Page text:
What information is on an EPC certificate?

The EPC shows the current and potential energy efficiency rating of your home from A (most efficient) to G (least efficient). It also lists ways you can improve the rating along with indicative costs. The government-endorsed Simple Energy Advice website has more information about what you can learn from your EPC.

Recommended improvements may include big projects like installing external wall insulation or solar panels, as well as smaller changes such as switching to low-energy lighting.

While these improvements should help you save on bills and lessen the environmental impact of the property, they may need considerable investment.

Five ways to improve your home’s energy efficiency on a budget

If your home needs solid or cavity wall insulation or new windows, then you’ll usually require a qualified installer. Check Which? Trusted Traders to find professionals near you.

But there are other ways to reduce heat loss that most of us can tackle. Here are five DIY jobs to try:

1. Insulate the loft

Reduce heat loss through the roof by adding loft insulation. According to the Energy Saving Trust, a quarter of the heat is lost through the roof of an uninsulated home, and correctly installed loft insulation should pay for itself many times over in its 40-year lifetime. The recommended minimum depth is 270mm (approximately 10 ½ inches) of mineral wool insulation, so if you have less than this, it’s worth topping it up.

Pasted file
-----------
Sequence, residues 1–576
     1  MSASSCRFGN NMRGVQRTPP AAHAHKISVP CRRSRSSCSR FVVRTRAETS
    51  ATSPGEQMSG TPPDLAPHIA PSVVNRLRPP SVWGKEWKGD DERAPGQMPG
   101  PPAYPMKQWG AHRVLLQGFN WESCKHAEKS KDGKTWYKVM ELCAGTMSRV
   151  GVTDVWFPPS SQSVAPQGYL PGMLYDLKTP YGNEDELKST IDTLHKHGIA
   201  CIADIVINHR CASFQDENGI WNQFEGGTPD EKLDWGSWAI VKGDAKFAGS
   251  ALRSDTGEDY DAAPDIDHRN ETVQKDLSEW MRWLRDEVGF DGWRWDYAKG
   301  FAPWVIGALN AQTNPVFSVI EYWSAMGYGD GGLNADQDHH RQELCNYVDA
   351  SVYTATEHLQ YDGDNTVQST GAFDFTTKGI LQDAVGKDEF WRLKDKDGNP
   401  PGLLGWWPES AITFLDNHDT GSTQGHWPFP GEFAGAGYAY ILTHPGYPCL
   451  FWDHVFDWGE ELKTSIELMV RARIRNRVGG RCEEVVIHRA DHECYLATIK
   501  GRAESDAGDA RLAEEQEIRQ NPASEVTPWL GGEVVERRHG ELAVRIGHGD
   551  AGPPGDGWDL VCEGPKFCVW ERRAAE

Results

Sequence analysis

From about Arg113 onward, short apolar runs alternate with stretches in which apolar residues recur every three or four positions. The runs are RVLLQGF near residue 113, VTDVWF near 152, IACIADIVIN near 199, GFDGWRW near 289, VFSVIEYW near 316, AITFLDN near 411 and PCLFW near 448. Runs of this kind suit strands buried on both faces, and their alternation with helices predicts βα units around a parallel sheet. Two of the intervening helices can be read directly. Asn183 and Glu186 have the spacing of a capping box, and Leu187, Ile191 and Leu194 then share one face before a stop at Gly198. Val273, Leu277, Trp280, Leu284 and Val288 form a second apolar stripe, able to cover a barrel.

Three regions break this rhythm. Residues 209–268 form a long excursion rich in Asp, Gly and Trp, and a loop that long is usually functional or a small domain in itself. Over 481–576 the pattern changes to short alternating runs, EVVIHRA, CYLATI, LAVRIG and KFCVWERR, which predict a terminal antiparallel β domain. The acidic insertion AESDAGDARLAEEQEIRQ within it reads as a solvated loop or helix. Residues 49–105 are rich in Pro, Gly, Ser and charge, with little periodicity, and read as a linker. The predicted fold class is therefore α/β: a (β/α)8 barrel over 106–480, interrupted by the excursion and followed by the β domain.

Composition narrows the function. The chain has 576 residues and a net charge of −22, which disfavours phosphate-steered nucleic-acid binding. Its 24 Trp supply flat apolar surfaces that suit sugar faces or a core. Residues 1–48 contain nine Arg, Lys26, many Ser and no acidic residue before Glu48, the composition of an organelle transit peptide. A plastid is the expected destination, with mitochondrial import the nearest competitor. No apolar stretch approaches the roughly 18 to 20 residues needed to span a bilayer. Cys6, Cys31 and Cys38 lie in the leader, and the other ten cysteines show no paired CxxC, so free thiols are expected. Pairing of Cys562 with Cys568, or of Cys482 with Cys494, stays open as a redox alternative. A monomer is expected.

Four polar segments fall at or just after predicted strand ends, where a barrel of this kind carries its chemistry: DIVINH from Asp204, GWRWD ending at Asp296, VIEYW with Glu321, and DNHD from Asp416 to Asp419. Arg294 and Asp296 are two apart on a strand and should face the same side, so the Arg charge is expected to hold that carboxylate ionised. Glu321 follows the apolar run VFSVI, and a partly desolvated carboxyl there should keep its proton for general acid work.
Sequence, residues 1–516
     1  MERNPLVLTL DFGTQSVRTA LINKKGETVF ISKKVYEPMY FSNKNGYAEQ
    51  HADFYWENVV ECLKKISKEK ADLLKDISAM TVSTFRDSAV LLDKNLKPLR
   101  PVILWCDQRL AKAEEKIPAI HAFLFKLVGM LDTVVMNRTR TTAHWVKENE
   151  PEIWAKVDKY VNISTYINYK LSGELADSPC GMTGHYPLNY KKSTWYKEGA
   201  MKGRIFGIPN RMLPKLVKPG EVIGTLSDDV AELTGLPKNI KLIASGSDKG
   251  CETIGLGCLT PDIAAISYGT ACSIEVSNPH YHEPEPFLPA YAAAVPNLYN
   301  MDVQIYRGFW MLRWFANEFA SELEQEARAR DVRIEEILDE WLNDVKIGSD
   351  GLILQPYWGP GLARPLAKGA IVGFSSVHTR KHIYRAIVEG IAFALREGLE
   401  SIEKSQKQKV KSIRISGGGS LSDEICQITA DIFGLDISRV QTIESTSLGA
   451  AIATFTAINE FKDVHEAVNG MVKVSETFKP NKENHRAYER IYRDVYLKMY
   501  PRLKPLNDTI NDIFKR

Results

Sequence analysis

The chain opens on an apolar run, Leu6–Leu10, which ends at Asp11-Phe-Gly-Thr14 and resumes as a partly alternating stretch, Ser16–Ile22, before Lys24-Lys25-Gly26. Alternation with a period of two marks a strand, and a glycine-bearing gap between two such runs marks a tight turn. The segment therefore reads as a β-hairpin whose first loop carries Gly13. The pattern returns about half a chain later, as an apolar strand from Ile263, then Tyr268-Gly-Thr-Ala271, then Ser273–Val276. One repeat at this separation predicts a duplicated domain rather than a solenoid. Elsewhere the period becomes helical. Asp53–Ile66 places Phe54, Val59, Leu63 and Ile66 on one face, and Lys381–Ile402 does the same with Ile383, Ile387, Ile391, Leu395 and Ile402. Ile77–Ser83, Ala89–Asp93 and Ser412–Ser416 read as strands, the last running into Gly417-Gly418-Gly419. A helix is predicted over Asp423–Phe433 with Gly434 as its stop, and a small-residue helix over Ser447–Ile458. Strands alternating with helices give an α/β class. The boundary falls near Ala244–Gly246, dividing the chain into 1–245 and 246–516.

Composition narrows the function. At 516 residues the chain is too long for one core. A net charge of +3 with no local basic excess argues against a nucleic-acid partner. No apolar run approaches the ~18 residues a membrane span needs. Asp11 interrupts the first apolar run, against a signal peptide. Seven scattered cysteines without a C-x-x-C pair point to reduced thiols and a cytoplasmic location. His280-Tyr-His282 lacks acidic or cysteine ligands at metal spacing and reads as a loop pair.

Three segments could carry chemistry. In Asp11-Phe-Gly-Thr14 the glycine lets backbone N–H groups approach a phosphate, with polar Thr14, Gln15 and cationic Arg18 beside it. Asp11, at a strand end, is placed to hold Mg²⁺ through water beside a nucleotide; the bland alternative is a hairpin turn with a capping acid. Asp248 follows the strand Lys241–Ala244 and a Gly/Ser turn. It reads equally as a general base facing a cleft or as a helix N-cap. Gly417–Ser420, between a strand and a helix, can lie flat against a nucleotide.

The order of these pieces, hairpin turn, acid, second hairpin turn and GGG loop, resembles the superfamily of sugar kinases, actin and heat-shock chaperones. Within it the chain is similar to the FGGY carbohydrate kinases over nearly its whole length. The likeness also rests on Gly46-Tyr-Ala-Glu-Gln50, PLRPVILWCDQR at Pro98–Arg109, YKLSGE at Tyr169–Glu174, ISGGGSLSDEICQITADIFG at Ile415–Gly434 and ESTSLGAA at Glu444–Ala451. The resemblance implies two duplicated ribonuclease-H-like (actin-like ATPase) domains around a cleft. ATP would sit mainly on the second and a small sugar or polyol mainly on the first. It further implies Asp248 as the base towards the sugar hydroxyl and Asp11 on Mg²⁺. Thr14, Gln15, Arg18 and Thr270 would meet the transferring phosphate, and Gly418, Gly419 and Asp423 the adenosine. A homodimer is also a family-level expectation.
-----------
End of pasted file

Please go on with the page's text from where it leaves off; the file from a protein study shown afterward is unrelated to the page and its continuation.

If you use your loft for storage, you can still install flooring above the insulation, using timber battens or purpose-made plastic spacers to raise the boards to the required level.

Alternatively, you can insulate at the rafters – the sloping roof timbers – to create a ‘warm roof’. This will be more expensive, and you may need a professional installer. Read more about loft insulation costs and savings and which type of insulation is best for you.

2. Prevent draughts

Cut out cold draughts by filling gaps around doors and windows and blocking unused open chimneys. Although controlled ventilation is important to prevent damp and condensation, uncontrolled draughts waste heat and energy. You can buy off-the-shelf products to seal around doors and windows, and ready-made products to draught proof keyholes and letterboxes.

There are also simple ways to stop draughts from floorboards, skirting boards, loft hatches and more. Find out more on how to draught proof your home.

3. Insulate hot water pipes and tanks